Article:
Stern Defends Small-Market Finals, Zings ‘Resting’ In Last State-Of-NBA Address


MIAMI – He’s a short-timer now, with less than eight months remaining in what will be a 30-year run as NBA commissioner, but David Stern came on like anything but a lame duck Thursday night before Game 1 of the 2013 Finals at AmericanAirlines Arena.

In his last official Finals state-of-the-league address (part of an ongoing series of “lasts” that began Feb. 1, one year out from Stern’s official retirement date), the league’s chief executive was vibrant, engaged, enthused even. This wasn’t the man who came out of the rancorous lockout in 2011-12 tired and cranky. It wasn’t Stern unplugged, either, though more and more of his duties are shifting to deputy commissioner Adam Silver, his heir apparent.

This was Stern tackling topics big and small, ranging from anti-flopping rules to nuances of the current collective-bargaining agreement in both its financial and competitive impact. This was Stern looking and sounding as if he could re-up for another term but who, most likely, is into his finishing kick because he can see the end line now.

Stern’s opening comments were brief and not unlike the business-is-good things he has said now, twice annually (All-Star Game and Finals) across three decades. Questions followed, many focusing on issues in play in this championship series, such as Spurs coach Gregg Popovich‘s decision back in November to sit out star players on his team’s visit to Miami. And a suggestion that the Heat’s SuperFriends approach might be good for the league overall, despite the CBA’s new provisions to block such star-hogging roster maneuvers in the future.

Asked if San Antonio’s presence in The Finals vindicates Popovich’s decision a month into the season to “rest” Tim Duncan, Manu Ginobili and Tony Parker as a way of staying fresh for the long NBA season and postseason — which earned a $250,000 fine from the league — Stern said: “He wasn’t resting Danny Green. It was a game that was being played. I know it, you know it and he knows it.

“I would never, never tell a coach that he shouldn’t rest a player that needs rest. We understand that completely. And that’s not what he did.”

As for the luxury-tax penalties in the CBA that will make teams loath to carry three stars earning $20 million or more annually — as Miami’s LeBron James, Dwyane Wade and Chris Bosh soon will — Stern said, no, the Heat’s success and popularity doesn’t justify the tilt that has on other teams’ ability to compete, given the shortage of game-changing stars.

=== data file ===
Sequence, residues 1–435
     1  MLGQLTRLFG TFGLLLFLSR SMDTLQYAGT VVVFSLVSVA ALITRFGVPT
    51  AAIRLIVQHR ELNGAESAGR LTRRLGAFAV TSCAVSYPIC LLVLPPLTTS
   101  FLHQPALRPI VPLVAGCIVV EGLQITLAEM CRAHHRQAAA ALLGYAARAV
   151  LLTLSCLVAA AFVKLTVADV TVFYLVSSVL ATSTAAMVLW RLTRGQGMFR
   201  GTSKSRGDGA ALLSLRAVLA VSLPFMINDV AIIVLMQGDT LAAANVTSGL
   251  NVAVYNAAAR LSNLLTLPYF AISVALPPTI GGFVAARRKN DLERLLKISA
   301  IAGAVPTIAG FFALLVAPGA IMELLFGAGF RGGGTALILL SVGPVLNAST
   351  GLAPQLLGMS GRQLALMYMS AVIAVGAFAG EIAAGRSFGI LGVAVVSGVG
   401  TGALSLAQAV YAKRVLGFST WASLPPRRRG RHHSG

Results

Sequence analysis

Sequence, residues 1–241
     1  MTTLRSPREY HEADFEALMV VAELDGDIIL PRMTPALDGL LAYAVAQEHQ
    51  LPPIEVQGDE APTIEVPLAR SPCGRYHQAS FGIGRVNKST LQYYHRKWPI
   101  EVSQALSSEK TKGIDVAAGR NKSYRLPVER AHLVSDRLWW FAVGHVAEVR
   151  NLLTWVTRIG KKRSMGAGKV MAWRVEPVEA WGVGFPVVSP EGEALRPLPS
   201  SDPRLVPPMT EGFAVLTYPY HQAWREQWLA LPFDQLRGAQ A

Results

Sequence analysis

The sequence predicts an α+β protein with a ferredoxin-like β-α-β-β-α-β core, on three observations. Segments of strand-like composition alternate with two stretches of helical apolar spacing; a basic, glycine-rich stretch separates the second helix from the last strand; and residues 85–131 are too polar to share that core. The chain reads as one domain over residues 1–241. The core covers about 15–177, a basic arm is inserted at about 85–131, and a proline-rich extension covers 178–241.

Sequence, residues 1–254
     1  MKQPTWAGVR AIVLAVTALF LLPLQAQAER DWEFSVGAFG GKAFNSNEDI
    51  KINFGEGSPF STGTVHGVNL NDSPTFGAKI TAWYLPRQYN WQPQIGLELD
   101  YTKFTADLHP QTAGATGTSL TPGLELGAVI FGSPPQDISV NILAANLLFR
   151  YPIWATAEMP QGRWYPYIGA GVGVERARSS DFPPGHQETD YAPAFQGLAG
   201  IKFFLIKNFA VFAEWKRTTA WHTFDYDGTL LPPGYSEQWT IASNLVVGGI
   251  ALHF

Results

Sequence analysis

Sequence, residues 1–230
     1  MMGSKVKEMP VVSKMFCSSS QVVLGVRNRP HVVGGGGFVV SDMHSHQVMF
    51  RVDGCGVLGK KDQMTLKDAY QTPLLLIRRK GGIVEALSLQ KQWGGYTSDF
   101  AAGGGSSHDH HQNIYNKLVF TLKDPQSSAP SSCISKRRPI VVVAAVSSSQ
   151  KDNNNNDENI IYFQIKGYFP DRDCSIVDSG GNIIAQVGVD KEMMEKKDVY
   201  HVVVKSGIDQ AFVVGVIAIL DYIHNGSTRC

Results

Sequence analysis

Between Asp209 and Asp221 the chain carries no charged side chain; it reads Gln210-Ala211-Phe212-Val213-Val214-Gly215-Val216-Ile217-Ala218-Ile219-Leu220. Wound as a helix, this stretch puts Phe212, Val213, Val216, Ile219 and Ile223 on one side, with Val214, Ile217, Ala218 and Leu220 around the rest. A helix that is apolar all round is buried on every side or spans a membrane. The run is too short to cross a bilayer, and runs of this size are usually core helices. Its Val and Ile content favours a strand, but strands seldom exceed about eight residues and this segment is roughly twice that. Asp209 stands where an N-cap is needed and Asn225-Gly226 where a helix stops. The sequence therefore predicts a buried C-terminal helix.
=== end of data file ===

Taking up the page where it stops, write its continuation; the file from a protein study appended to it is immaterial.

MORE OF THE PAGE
“Yeah, as a promoter, absolutely,” Stern said. “But there are 29 other bosses I have that think [the new CBA discouraging that] is a great system. … We have owners who want very much to compete. And they want to be able to tell their fans they can compete.”

While this Finals pits teams sporting multiple stars, future Hall of Famers and a combined six championships since 1999, it features two markets that aren’t exactly New York, Los Angeles or Chicago. And it came very close to being a showdown between the Memphis Grizzlies and the Indiana Pacers.

That sort of small-market clash in flyover land is presumed to be bad for the league, its television partners and fan interest around the globe. And that thinking frequently leads some extreme critics to veer into conspiracy theories that the NBA, through shady officiating, dictates outcomes according to the league’s commercial interests.

Stern didn’t have to pull out his standard “that would be a felony” rejoinder. But he met head-on the issue that market-size considerations drive what fans see on the floor or even what the suits at Olympic Tower prefer.

“It’s not us. It’s our networks, it’s the people who attribute views to us that we don’t hold,” Stern said. “It’s just a fixation that the media around us has because as I see it one more time, ‘Well, the people in the league office’ — never an attribution. No eyewitness accounts.

“We love the fact that we’re here with Miami and San Antonio. If it were Memphis and Indiana, and they had fought their way through to be in the championship, that would be great, too.”

Among other topics Stern touched on Thursday before Game 1 tipoff:

  • The league’s attempts to reduce or eliminate “flopping” are a work in progress. The fines involved aren’t stiff enough to eradicate it, but the penalties intentionally were kept light. “We could end that immediately if we decided to suspend players, but that might be a little bit draconian at the moment,” Stern said. The competition committee and Board of Governors will consider stricter enforcement.